Kurzweil, who lives in New York City, says she had an abortion in the 23rd week of her pregnancy in 2017 after discovering her baby had a rare brain disorder that could have left him living in severe pain. Kurzweil says she made an “impossible choice” with the little information available to her.

“No one wakes up 20 weeks into a gestation period and says, ‘I made a mistake.’ These are wanted pregnancies,” says Kurzweil, 33. “It really was this choice of quality of life and what is a livable life? And what are the things that would be manageable, and how much pain is sustainable?”

Trump’s call for a federal ban on later abortion because of fetal pain is based on model legislation created by the anti-abortion group National Right to Life, which praised Trump on Tuesday and said he “once again demonstrated the paramount importance of protecting mothers and their unborn children.”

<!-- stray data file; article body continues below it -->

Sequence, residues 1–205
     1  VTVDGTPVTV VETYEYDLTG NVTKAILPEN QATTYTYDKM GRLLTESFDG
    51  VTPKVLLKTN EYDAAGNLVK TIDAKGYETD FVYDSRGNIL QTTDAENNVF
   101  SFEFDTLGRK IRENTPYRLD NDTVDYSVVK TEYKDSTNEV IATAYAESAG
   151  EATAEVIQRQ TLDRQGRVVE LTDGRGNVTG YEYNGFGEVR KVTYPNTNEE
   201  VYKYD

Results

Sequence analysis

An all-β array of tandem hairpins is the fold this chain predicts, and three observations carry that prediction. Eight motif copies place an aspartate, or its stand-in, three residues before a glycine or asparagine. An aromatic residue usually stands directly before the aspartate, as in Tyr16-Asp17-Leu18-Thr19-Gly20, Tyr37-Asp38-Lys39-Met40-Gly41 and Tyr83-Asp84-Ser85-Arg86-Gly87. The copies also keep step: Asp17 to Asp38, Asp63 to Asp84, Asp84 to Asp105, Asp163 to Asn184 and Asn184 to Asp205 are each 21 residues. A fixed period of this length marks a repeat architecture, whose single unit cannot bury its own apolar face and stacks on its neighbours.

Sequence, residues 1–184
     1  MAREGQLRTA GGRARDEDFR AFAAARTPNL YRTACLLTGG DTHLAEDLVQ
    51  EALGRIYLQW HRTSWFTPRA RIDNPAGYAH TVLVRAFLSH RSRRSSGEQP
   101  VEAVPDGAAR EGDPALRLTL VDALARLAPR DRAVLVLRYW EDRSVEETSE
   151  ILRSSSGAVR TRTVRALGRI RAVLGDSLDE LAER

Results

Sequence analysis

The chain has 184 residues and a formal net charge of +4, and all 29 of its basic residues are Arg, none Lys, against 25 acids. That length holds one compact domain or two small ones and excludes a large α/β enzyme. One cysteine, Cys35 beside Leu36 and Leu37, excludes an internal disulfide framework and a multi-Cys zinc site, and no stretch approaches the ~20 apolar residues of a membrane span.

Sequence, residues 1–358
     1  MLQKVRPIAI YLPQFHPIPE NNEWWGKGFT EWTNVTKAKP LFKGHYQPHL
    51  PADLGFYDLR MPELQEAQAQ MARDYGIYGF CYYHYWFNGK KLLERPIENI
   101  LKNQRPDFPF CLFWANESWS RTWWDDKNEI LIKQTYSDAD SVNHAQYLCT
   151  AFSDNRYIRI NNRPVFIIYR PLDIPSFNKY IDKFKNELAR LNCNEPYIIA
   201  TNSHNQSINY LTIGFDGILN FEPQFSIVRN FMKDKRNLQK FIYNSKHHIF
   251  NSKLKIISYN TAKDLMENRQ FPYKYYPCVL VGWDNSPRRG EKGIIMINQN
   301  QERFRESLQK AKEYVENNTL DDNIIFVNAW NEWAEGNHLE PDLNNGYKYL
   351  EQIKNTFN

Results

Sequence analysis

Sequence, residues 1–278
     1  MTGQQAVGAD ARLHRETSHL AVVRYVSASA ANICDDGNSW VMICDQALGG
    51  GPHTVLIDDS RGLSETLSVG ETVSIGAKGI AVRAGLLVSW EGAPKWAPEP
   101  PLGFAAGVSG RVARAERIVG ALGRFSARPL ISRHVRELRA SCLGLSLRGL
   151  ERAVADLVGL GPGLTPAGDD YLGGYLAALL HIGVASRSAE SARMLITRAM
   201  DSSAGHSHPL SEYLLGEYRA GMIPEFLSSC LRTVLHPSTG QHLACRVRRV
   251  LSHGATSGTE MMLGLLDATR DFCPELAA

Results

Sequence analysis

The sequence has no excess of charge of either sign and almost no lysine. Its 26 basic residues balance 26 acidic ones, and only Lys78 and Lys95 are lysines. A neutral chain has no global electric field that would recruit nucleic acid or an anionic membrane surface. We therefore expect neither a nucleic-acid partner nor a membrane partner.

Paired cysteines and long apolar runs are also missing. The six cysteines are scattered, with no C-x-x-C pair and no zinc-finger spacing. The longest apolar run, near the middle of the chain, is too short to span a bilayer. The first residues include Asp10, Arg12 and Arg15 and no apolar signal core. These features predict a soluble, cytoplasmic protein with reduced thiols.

There are 17 states that ban abortion about 20 weeks post-fertilization “on the grounds that the fetus can feel pain at that point in gestation,” according to the Guttmacher Institute. But scientific research has found that “fetal perception of pain is unlikely before the third trimester,” which begins around the 28th week.

“The evidence is not very clear that there’s an exact moment when the fetus can feel pain,” says Dr. Daniel Grossman, director of Advancing New Standards in Reproductive Health at the University of California, San Francisco. “There is good evidence that it can’t feel pain before the third trimester. I think that if you’re using the fetal pain argument to justify bans at 20 weeks, there really isn’t medical evidence supporting that.”